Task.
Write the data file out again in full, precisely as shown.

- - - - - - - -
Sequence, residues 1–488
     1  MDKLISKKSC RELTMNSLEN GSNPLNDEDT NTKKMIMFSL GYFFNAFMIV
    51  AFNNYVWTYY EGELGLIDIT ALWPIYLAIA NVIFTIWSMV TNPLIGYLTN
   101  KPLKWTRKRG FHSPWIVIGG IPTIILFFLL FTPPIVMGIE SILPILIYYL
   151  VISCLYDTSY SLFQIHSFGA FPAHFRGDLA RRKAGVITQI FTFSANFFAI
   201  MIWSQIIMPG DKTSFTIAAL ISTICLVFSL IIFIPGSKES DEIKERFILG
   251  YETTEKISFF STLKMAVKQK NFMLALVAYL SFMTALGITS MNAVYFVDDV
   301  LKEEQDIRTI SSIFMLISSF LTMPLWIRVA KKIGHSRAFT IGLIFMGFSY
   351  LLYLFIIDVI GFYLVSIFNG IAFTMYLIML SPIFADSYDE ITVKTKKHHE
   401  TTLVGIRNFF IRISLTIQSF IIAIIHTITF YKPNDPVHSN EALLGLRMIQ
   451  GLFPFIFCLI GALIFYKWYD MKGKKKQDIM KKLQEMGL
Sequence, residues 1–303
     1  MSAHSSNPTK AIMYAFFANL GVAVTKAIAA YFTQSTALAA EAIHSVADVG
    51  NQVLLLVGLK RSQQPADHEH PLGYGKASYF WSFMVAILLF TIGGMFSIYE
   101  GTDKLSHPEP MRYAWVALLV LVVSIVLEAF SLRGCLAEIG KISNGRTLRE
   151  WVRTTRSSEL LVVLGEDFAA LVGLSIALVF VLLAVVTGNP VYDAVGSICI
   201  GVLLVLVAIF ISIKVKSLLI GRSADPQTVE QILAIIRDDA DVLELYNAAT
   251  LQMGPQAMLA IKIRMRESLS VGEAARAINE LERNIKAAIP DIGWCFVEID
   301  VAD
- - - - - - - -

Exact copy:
Sequence, residues 1–488
     1  MDKLISKKSC RELTMNSLEN GSNPLNDEDT NTKKMIMFSL GYFFNAFMIV
    51  AFNNYVWTYY EGELGLIDIT ALWPIYLAIA NVIFTIWSMV TNPLIGYLTN
   101  KPLKWTRKRG FHSPWIVIGG IPTIILFFLL FTPPIVMGIE SILPILIYYL
   151  VISCLYDTSY SLFQIHSFGA FPAHFRGDLA RRKAGVITQI FTFSANFFAI
   201  MIWSQIIMPG DKTSFTIAAL ISTICLVFSL IIFIPGSKES DEIKERFILG
   251  YETTEKISFF STLKMAVKQK NFMLALVAYL SFMTALGITS MNAVYFVDDV
   301  LKEEQDIRTI SSIFMLISSF LTMPLWIRVA KKIGHSRAFT IGLIFMGFSY
   351  LLYLFIIDVI GFYLVSIFNG IAFTMYLIML SPIFADSYDE ITVKTKKHHE
   401  TTLVGIRNFF IRISLTIQSF IIAIIHTITF YKPNDPVHSN EALLGLRMIQ
   451  GLFPFIFCLI GALIFYKWYD MKGKKKQDIM KKLQEMGL
Sequence, residues 1–303
     1  MSAHSSNPTK AIMYAFFANL GVAVTKAIAA YFTQSTALAA EAIHSVADVG
    51  NQVLLLVGLK RSQQPADHEH PLGYGKASYF WSFMVAILLF TIGGMFSIYE
   101  GTDKLSHPEP MRYAWVALLV LVVSIVLEAF SLRGCLAEIG KISNGRTLRE
   151  WVRTTRSSEL LVVLGEDFAA LVGLSIALVF VLLAVVTGNP VYDAVGSICI
   201  GVLLVLVAIF ISIKVKSLLI GRSADPQTVE QILAIIRDDA DVLELYNAAT
   251  LQMGPQAMLA IKIRMRESLS VGEAARAINE LERNIKAAIP DIGWCFVEID
   301  VAD